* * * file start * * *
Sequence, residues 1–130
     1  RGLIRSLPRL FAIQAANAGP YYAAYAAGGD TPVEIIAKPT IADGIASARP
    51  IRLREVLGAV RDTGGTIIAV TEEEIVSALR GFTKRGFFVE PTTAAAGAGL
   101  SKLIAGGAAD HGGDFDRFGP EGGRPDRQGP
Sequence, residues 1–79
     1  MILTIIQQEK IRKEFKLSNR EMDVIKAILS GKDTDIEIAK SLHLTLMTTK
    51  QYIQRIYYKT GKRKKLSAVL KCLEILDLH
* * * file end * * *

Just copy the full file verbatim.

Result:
Sequence, residues 1–130
     1  RGLIRSLPRL FAIQAANAGP YYAAYAAGGD TPVEIIAKPT IADGIASARP
    51  IRLREVLGAV RDTGGTIIAV TEEEIVSALR GFTKRGFFVE PTTAAAGAGL
   101  SKLIAGGAAD HGGDFDRFGP EGGRPDRQGP
Sequence, residues 1–79
     1  MILTIIQQEK IRKEFKLSNR EMDVIKAILS GKDTDIEIAK SLHLTLMTTK
    51  QYIQRIYYKT GKRKKLSAVL KCLEILDLH